Abstract

Abstract:

This article focuses on the iconography of Guillaume de Deguileville's Le pelerinage de vie humaine, first printed in its prose version in Lyon in 1485. The iconography here functions as a vehicle for the global identity of the text, ensuring the permanence of this identity over the process of translation. Henrich Mayer, a German printer and editor in Toulouse, preserved the iconography at the cost of adaptations and significant adjustments in the Castilian Peregrino de la vida humana, which was published in 1490. The editor treated the illustrations as the locus of textual filiation.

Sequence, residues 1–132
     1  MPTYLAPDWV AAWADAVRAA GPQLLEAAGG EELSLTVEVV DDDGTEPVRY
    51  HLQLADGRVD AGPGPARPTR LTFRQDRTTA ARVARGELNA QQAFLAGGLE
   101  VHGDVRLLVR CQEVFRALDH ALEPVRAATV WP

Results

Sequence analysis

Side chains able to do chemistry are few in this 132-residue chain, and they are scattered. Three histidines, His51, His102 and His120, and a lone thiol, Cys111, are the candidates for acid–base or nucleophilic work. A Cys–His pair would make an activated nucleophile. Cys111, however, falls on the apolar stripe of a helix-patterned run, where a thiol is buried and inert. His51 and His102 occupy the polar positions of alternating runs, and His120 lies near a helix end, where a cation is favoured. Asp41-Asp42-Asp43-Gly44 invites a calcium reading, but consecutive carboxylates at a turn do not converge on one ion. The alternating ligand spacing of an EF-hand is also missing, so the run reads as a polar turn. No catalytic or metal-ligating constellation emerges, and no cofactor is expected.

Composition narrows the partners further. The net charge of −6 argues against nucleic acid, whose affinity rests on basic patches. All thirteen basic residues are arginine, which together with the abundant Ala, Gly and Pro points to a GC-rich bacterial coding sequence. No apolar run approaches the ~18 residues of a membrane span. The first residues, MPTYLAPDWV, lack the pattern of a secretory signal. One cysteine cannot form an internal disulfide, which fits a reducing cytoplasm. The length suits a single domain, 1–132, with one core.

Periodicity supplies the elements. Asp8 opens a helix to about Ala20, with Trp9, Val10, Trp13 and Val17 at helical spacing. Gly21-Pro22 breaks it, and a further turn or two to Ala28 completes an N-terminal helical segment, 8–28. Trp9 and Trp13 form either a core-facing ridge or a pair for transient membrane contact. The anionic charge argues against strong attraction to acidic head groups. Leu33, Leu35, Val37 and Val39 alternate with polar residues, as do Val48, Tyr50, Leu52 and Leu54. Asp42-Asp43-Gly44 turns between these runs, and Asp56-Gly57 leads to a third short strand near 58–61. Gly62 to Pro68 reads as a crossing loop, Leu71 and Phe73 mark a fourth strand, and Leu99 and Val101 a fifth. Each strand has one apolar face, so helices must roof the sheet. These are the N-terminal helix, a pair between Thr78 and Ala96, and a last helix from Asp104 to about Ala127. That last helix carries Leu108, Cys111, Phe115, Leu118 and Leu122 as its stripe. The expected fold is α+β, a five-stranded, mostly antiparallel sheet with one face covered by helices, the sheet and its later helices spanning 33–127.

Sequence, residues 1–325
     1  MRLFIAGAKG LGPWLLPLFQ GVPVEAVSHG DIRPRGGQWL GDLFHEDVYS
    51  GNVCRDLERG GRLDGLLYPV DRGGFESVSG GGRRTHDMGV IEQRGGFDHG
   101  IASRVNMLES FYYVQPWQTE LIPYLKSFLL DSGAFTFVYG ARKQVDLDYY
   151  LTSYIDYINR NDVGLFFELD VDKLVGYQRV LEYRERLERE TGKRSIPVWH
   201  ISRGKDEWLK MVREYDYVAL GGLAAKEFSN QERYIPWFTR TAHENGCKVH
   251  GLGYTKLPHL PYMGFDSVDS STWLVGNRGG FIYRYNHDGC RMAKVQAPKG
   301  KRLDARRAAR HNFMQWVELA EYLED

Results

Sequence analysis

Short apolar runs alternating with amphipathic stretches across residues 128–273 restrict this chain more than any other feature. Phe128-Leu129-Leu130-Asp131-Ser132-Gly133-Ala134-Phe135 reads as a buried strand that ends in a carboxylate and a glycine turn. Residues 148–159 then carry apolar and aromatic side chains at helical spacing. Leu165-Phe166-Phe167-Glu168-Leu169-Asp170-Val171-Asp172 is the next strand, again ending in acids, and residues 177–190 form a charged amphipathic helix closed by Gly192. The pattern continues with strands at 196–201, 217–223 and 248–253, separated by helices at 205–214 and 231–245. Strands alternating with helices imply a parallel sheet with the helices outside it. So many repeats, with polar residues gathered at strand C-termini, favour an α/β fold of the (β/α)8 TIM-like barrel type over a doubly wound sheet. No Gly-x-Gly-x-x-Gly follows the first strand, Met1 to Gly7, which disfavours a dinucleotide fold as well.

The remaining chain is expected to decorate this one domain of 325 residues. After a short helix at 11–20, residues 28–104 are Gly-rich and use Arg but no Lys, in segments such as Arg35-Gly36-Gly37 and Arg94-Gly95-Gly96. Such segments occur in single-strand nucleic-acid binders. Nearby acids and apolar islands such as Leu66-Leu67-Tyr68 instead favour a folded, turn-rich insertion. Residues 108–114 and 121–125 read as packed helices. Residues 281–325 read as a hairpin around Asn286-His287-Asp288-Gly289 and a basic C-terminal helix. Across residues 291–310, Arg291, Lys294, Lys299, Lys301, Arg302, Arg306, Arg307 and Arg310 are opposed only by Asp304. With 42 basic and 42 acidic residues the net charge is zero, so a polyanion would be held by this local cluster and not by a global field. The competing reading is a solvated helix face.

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Additional Information

ISSN
2162-9552
Print ISSN
2162-9544
Pages
pp. 250-264
Launched on MUSE
2019-05-16
Open Access
No
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